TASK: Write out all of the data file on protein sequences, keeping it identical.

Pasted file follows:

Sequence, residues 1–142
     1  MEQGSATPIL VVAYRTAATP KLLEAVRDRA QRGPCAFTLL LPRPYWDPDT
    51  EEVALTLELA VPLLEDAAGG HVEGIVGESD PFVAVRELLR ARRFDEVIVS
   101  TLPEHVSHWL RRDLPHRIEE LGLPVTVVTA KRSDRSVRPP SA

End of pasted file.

Sequence, residues 1–142
     1  MEQGSATPIL VVAYRTAATP KLLEAVRDRA QRGPCAFTLL LPRPYWDPDT
    51  EEVALTLELA VPLLEDAAGG HVEGIVGESD PFVAVRELLR ARRFDEVIVS
   101  TLPEHVSHWL RRDLPHRIEE LGLPVTVVTA KRSDRSVRPP SA